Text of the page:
We’ve been waiting a long time for this. But now we know, for sure, that region of employment does have an impact on graduate salaries.
That may not in itself seem like much. It’s an obvious conclusion that anyone who has ever applied for a job in the UK would draw. But now we know that DfE are fully, publicly, quotably, aware of this differential – and the problems it causes for using Longitudinal Educational Outcome (LEO) data to identify the “best” or “worst” providers.
We got the first inklings that our (frequent) requests for regional data in LEO were being taken seriously back in the summer of last year – this release looked at the propensity for graduates from each HE provider to live in the region they studied, and offered a tantalising glimpse of the impact of the home region, and the regions of study and residence. (For the super keen, we also saw earnings by the current local authority of residence).
It makes sense, on any level of interpretation, to consider salary and employment norms in region for graduates – and with the tension between a “civic mission” seeing graduates enrich the local area but possibly on a low salary, and a “wealth mission” seeing graduates moving to London to maximise incomes, this omission has been one of the key strands of the emerging LEO critique.
But what was missing was the impact of these regional variations on the salaries of graduates from individual providers. The DfE told us that there was clear evidence that “region has a large and significant effect on earnings”. And if you squinted, you could see provider level data plotted in figure 3. But that’s where they left it – with a dangling proposal to:
show the outcomes for each provider split into the following categories:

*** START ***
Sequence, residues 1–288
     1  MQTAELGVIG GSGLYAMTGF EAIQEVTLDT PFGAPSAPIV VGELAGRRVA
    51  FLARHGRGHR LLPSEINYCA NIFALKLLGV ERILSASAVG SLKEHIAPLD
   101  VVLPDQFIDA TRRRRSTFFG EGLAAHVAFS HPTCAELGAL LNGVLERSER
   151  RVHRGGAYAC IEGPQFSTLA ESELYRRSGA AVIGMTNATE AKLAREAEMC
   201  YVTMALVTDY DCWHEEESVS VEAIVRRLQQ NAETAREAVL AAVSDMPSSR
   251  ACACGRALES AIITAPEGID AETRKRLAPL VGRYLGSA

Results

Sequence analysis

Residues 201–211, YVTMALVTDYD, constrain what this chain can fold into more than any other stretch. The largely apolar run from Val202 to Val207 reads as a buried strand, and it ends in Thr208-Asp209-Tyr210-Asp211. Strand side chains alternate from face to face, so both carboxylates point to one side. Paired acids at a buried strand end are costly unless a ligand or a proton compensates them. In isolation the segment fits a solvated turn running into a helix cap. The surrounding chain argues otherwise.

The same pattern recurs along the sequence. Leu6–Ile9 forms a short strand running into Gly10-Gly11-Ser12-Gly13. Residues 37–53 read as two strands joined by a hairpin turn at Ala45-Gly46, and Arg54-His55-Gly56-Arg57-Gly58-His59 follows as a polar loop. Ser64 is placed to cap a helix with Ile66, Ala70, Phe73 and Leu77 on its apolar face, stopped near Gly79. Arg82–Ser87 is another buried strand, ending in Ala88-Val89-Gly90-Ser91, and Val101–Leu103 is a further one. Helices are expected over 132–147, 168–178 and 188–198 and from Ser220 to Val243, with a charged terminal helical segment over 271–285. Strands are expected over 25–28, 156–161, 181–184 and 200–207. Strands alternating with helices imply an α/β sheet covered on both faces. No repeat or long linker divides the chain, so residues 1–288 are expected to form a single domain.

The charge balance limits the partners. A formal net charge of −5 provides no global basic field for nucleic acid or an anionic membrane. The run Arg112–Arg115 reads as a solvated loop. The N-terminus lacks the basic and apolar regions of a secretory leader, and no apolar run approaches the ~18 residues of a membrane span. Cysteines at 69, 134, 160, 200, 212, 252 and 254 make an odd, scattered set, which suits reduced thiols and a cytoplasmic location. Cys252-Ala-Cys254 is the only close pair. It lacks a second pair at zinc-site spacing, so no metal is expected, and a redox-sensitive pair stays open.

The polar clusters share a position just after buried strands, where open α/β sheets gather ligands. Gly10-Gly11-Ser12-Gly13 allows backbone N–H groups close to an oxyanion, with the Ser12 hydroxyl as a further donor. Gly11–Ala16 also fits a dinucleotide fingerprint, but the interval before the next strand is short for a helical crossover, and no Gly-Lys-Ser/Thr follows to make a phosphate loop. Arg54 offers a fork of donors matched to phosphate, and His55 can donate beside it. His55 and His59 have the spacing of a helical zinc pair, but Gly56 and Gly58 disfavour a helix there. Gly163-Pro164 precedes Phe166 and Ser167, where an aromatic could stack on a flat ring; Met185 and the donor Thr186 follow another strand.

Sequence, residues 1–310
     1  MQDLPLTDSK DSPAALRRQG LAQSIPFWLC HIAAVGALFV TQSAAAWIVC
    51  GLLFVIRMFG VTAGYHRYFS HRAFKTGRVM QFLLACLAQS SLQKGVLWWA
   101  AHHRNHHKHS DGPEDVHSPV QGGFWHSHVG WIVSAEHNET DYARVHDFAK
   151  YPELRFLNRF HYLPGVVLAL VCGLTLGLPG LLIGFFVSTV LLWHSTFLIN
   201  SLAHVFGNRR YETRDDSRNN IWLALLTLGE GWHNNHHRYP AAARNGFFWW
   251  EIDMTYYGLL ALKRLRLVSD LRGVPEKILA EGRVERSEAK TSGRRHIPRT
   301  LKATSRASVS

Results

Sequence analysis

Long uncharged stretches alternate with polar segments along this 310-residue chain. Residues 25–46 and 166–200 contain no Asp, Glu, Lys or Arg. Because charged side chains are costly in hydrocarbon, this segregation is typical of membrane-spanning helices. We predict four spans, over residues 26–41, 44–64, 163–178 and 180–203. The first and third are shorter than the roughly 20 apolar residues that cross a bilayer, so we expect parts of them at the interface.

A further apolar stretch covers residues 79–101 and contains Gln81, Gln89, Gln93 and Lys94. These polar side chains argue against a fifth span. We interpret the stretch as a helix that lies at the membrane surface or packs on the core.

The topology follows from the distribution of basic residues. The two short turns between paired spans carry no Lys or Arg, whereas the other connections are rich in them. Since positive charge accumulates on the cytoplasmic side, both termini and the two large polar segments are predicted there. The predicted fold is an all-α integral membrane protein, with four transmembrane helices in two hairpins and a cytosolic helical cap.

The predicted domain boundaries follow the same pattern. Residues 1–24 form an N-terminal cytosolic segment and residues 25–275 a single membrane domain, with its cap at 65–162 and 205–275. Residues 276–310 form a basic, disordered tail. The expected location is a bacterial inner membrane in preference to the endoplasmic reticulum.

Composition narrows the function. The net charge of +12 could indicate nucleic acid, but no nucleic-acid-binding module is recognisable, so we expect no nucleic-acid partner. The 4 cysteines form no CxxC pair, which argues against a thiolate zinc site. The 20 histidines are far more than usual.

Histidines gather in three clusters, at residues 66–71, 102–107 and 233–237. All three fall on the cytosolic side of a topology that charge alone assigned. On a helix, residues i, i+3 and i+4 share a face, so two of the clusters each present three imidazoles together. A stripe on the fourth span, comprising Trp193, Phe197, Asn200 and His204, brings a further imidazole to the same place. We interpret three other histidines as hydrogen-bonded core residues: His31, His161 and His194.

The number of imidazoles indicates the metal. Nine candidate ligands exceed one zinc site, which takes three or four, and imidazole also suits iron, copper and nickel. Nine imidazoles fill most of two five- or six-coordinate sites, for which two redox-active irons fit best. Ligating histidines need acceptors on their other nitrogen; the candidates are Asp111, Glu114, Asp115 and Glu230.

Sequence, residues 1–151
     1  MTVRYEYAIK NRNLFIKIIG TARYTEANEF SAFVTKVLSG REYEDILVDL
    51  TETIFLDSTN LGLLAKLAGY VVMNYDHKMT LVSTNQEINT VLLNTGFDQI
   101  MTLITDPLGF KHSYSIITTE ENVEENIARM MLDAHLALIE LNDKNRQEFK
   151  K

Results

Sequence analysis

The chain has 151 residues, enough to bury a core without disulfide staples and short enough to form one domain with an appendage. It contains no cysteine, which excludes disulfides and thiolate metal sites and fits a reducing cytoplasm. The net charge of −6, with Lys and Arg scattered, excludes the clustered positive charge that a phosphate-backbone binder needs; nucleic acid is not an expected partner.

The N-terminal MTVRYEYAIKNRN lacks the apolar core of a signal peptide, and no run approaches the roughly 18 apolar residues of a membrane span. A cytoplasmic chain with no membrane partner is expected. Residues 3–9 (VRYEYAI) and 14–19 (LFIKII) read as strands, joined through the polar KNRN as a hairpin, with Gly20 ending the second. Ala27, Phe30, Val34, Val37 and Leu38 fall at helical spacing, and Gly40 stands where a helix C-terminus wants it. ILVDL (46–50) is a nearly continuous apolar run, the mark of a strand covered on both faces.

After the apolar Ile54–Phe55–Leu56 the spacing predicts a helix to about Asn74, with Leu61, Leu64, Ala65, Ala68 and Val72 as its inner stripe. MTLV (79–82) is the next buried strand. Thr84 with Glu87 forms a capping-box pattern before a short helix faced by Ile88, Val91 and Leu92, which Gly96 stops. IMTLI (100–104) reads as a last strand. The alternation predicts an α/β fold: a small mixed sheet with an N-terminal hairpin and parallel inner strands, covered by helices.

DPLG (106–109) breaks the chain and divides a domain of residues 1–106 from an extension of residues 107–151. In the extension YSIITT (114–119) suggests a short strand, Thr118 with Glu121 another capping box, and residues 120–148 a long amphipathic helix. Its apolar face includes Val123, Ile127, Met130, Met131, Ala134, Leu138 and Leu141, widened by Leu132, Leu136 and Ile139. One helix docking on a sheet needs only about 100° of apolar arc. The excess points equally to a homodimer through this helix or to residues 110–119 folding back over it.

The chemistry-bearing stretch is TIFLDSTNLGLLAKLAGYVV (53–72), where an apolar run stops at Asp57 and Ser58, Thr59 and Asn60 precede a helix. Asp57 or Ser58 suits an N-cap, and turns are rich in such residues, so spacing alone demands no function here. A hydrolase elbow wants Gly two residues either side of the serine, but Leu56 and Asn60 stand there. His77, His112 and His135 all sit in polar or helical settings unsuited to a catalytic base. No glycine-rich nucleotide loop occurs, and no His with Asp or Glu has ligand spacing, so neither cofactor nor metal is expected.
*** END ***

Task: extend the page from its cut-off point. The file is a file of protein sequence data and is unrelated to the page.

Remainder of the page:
Those that stay in the region of the provider, Those that move to London, and those that move elsewhere in the UK.”
And that, today – is where we are. “Experimental statistics showing employment and earnings outcomes of higher education graduates by provider and current region of residence”. What we have is actually better than what we expected – we can see graduates separated out into all regions (including graduates working abroad where we have that data) for each provider.
Still not perfect
The region a graduate lives in has an impact on provider level medians. DfE use a weighted median in their top level data (which I haven’t plotted here for reasons that will become clear), and gleefully reports significant differences between median salary by provider even after a graduate region-based weighting is applied.
Of course, a gold standard LEO would absolutely need take into account subject of study and provider alongside current region (or indeed, local authority) of residence – alongside the sex of a graduate, their GCSE performance, and a suitable measure of inequality. However, such a nuanced examination would provide numbers too small to publish without identifying individuals.
There is hopefully a point in the middle, where LEO gives us enough information to be usable while remaining publishable. This release is not at that point, but I feel like we are gradually iterating around it.
The publication itself is clear on the limitations: